Program launched last year brings students and faculty together for a chance to dive deeply into research projects
On Dec. 5, Paul Bassett '85 traveled to Cambridge from Austin, Tex., where he works as a senior director of technology for the wireless communications giant Qualcomm. He wound his way through a crowd assembled in the Grier Room at MIT, where nearly 80 undergraduates in electrical engineering and computer science (EECS) presented posters on cutting-edge research projects. Qualcomm sponsors several of those students as part of the MIT SuperUROP program.
Under the leadership of EECS department head Anantha P. Chandrakasan, the Joseph F. and Nancy P. Keithley Professor of Electrical Engineering, and MIT's Undergraduate Research Opportunities Program, SuperUROP launched last year as a way to offer undergraduates a deep dive into research.
SuperUROP pairs students with a faculty member for an entire academic year and includes a two-semester course on undergraduate research. Participants expect to produce prototypes or publication-worthy results, and their projects often evolve into graduate theses, startup plans, or industry positions.
Eric Grimson, MIT chancellor for academic advancement, talks with Rose Abramson, '15, about her work with Jesús del Alamo, director of the Microsystems Technology Laboratories, on developing transistors made with silicon alternatives and sized below 10 nanometers. Photo, Patsy Sampson/EECS
"Here is a group of top-notch engineering students working in all sorts of different areas," Bassett said. "I can scan through the projects and identify the ones that align with what the company's going to care about in the future. As an engineering manager, my goal is the future engineers as much as the actual research. Qualcomm wants MIT to be working on interesting research that will be applicable to future products -- but MIT is also going to be turning out the engineers who are going to help us build those products."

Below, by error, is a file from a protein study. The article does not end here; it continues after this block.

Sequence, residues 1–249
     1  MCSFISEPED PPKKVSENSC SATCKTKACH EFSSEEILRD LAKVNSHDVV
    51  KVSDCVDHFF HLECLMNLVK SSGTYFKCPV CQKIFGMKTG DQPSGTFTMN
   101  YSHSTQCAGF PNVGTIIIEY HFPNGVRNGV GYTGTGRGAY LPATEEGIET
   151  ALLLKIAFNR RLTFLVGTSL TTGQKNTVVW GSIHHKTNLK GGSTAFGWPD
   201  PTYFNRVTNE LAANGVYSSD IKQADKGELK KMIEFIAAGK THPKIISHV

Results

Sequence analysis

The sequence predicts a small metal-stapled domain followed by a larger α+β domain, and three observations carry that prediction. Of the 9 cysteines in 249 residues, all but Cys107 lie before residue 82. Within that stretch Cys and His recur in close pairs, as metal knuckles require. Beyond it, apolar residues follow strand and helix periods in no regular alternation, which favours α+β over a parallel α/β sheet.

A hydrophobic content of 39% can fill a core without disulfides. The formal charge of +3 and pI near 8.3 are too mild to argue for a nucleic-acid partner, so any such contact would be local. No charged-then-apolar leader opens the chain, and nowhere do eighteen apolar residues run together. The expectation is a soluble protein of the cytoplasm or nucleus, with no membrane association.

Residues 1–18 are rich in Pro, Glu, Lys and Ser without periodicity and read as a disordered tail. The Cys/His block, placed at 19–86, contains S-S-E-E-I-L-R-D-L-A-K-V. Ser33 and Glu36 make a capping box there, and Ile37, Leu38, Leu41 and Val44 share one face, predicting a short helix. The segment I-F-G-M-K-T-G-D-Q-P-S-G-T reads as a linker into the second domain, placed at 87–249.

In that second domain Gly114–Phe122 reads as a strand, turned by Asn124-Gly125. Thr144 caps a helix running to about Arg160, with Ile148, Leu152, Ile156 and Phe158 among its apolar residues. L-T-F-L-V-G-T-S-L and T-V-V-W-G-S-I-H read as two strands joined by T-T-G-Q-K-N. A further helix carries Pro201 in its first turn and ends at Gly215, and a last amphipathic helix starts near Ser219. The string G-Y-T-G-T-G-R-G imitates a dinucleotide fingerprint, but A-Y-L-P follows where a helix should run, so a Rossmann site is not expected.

SuperUROP brings students and industry sponsors together in mutually beneficial engagement. In addition to funding projects through the Research and Innovation Scholars Program, sponsors mentor students, give talks about their companies' technologies, and work with faculty to set research directions. Students, meanwhile, get valuable insight from professionals working on real-world products and services.
"SuperUROP is a tremendous opportunity for students and companies to make connections that foster future innovations and that launch the careers of engineering leaders," said entrepreneur Desh Deshpande, a member of the MIT Corporation who attended the poster session.
Sowing the seeds for future engineering leaders
Benoit Landry, an EECS senior from Montreal, is sponsored by the automotive technology company DENSO and has enjoyed discussions with several other industry partners of SuperUROP. Under the guidance of Russ Tedrake, an associate professor of computer science and engineering, Landry is developing control systems that could enhance the agility of unmanned aerial vehicles by, for example, allowing a small drone to rapidly change its direction by bouncing off of a wall.